For years now, I’ve been standing on this soapbox, both in one-on-one conversations and in workshops I’ve taught. But I’ve always run into a problem. Every now and then, I’d win a convert, and someone would say, “Okay, you’ve convinced me. I’m interested in learning more about Qabalah. Where do I start?”

The problem is, I didn’t have a good introductory Qabalah book to recommend to a Pagan reader. Qabalah and Paganism go together beautifully, but almost every introductory book on the market is designed for people who are interested more in Golden Dawn ceremonial magic than in witchcraft and low magic. Qabalah books are filled with tables of correspondences, Hebrew names of God, angels and archangels, and all sorts of other things that feel decidedly not Pagan. As an outsider trying to get into Qabalah, it really looks like Qabalah is antithetical to a Pagan worldview, so it’s no surprise that most Pagans are uncomfortable with (or uninterested by) the subject. The one exception is Ellen Cannon Reed’s The Witches Qabala, which is a lovely book—but even that book places a great deal of emphasis on angels, God-names, and correspondences. I wanted a simple, non-threatening book that said, “Here’s what Qabalah is, and here’s how it’s relevant to what you do.”

So that’s the book I wrote.

Qabalah for Wiccans is, in some ways, a straightforward introductory book. It walks through the structure of the Tree of Life, the ten Sephiroth and the twenty-two paths between them, and shows how the Tree can be understood dynamically. But rather than getting bogged down in tables of correspondences (and especially correspondences that might feel alien or useless to many Wiccan readers), I focus on the core concepts at work, and then try to show how those concepts appear in Wiccan ritual and theology. For each Sephirah on the Tree of Life, I talk about how that Sephirah can be found in Wiccan ritual. I talk about relating to the Gods in Qabalistic terms, casting a circle, and doing magic—not “let’s all sit in colorful robes and visualize the sphere of Mars” magic, but practical, results-oriented spellcraft of the sort Wiccans commonly use.

The real goal of the book is to show a novice reader three things: What Qabalah is, how it overlays on Wicca, and why it’s worth their time to study. It’s hard to judge my own work accurately (and once the book is out, I’m sure the Amazon reviews will do plenty of judgment for me), but I think I’ve accomplished all three of those things. If someone reads this book and decides Qabalah isn’t for them, that’s perfectly all right. As I say, no one needs to know Qabalah in order to practice Wicca. But at the very least, I hope, readers will walk away from my book with a core understanding of what Qabalah is, why I love it, and why I, at least, find it so foundational to my work as a Wiccan.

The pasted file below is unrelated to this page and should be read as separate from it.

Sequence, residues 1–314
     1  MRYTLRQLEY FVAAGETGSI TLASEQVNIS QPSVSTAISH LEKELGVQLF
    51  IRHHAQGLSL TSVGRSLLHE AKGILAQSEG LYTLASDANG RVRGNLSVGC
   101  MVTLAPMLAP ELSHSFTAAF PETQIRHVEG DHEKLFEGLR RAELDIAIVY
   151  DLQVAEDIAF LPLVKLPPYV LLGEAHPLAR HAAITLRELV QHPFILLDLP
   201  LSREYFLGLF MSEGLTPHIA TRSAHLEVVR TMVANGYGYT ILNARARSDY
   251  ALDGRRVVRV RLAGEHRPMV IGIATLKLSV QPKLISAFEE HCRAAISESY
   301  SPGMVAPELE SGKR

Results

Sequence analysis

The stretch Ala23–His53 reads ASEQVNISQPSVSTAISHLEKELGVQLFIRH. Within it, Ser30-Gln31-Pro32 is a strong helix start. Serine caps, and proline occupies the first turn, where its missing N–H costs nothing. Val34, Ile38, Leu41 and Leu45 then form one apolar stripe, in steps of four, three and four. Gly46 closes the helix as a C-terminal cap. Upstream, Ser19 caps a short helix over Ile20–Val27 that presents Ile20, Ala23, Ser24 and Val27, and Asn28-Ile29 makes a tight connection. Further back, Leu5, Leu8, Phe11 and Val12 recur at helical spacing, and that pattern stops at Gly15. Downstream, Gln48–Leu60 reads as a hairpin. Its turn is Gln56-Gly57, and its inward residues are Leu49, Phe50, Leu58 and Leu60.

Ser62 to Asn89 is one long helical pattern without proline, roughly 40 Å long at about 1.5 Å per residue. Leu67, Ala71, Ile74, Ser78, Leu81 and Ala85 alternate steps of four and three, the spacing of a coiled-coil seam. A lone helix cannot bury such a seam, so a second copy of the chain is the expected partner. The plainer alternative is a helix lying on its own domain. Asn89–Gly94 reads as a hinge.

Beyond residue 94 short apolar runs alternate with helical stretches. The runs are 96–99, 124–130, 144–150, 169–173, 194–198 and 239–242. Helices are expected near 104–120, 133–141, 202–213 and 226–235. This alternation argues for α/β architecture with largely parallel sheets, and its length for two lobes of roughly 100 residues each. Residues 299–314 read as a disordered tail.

Qabalah for Wiccans releases on December 8th. You can buy it starting from next week, or you can pre-order it now and have it shipped to you on the release date.

As a final note, Amazon reviews are incredibly important to a book’s sales. If you read the book, please take the time to leave an honest review on Amazon, even if you bought it elsewhere. There is no better way to help other readers find it.


*I have many thoughts about this, but that’s a subject for another time. The short version: Writing a book says more about someone’s ability to sit in front of a computer for hours on end than it does about their legitimacy as a magical practitioner.

4 thoughts on “Qabalah for Wiccans

  1. “The problem is, I didn’t have a good introductory Qabalah book to recommend to a Pagan reader. Qabalah and Paganism go together beautifully, but almost every introductory book on the market is designed for people who are interested more in Golden Dawn ceremonial magic than in witchcraft and low magic.”

    Extreme same. While I also love Ellen Cannon Reed’s book, it does lean so heavily on those tables of correspondences, archangels, and choirs of angels, and I feel like I need to apologize for it when I recommend it to people. I’m so glad you wrote this book, because it fills a definite need within paganism as a whole, as well as Wicca.

    Liked by 1 person

  2. Your book isn’t released in the UK until 8th Jan 2022, but that’s ok, I can wait for my Amazon pre-order! I rarely read tarot these days – but having followed your blog for a few years (which helps keep the tarot light burning) I’m genuinely interested in your take on the subjects you’re covering. The tarot teacher I had when I took some training, did incorporate a few Qabalah aspects which was fascinating, but much of it I’ve not recalled well, so hopefully your writings will jog my memory. Good on you for getting into print!


  3. Looking forward to reading this because I know how passionate you are on the subject, and to try to challenge my own bias against Qabalah (as one does).

    I can’t wait to get my hands on it, and see just what kinds of emotions stir. Thank you for grappling with this subject.

    Liked by 1 person